The tenth full length of the melodic death metal veterans Soilwork, The Ride Majestic, is right outside our doorstep and the band seems more focused than ever. We got in touch in the band and had a conversation about the record, their attitude and their art in general.
Greetings! We talked again not so long ago, during the release of your live album “At the Heart of Helsinki”… How are you doing since then?
Great, thanks! Last time we talked we still worked on finalizing the recording of The Ride Majestic, and it was quite intense. So it’s great that it’s finally about to be released.
By now, your latest record “The Ride Majestic” is coming closer and closer to being released at the end of August. What changed since “The Living Infinite”?
Well, first of all we have a new bass player, Markus Wibom, since Ola Flink left the band before the recordings of the latest album. There are no hard feelings involved whatsoever, he just wanted to something else in life. Markus is an old friend of the band and an amazing musician, and we’ve done quite a few shows during the spring and summer, and it feels really great, and he’s a great addition to the band. Other than that, we’ve tried to retain the same feeling that we had on The Living Infinite, where we’re more open for experimentation and doing stuff beyond normal song structures, and hopefully do something original within the melodic death framework that hasn’t really been done before.
Throughout the years, Soilwork have grown more clean and melodic in their sound and I think the new album is taking this characteristic even further. While being rich in sound, how would you deal with part of the metal audience complaining about that fact?
I can absolutely understand people who loved Steelbath Suicide being critical and complaining about all the clean singing and melodic stuff. At the same time, with all the lineup changes and Björn developing into a fantastic clean vocalist, it’s kind of hard not to use and take advantage of everything we’re able to do. I’m a big fan of lots of 90’s death metal, and it would be fantastic to do something like that, but at the same time it would be a bit contrived to try and sound like a bunch of angry teenagers, when we’re in fact a bunch of middle-aged guys, most of us with lots of musical education, and we’re able to play pretty much any style of music. So I think that what we’re doing now is way more honest than it would have been if we’d tried to recreate something from the early days of Soilwork’s career to please the old school fans.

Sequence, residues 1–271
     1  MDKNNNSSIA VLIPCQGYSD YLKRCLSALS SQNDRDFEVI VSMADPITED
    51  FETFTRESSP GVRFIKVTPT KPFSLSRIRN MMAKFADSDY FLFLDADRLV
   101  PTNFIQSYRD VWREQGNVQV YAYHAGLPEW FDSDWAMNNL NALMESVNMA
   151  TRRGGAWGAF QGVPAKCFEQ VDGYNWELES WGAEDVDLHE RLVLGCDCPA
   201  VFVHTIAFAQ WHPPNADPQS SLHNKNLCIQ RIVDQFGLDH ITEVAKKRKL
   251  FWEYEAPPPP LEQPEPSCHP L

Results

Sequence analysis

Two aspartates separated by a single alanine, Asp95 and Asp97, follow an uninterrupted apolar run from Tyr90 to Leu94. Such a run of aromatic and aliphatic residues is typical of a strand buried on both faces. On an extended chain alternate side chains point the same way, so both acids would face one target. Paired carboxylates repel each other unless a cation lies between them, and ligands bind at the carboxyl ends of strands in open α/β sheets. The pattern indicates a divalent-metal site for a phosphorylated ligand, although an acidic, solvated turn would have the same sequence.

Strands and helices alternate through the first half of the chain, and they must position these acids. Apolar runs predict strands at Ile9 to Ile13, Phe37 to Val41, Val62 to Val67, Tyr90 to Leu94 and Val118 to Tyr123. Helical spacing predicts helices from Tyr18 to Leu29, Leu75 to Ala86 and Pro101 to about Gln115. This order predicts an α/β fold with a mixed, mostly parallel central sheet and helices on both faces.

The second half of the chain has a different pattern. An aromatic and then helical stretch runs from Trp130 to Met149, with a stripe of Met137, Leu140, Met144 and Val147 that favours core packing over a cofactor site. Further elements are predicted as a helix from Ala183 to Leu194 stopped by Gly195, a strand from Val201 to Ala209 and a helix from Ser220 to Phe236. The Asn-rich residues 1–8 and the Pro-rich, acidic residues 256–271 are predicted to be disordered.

Do you think Soilwork evolve and expand with every release or you’d rather say that you have found your own style which fits the band and your fans, so you’re trying to work neatly around it?
We try to evolve and expand with every release. At the same time we’re trying to keep things recognisable, so that it hopefully feels like a natural development for people who’ve listened to our earlier stuff.
Could you elaborate on some of the topics discussed in the lyrics of “The Ride Majestic”?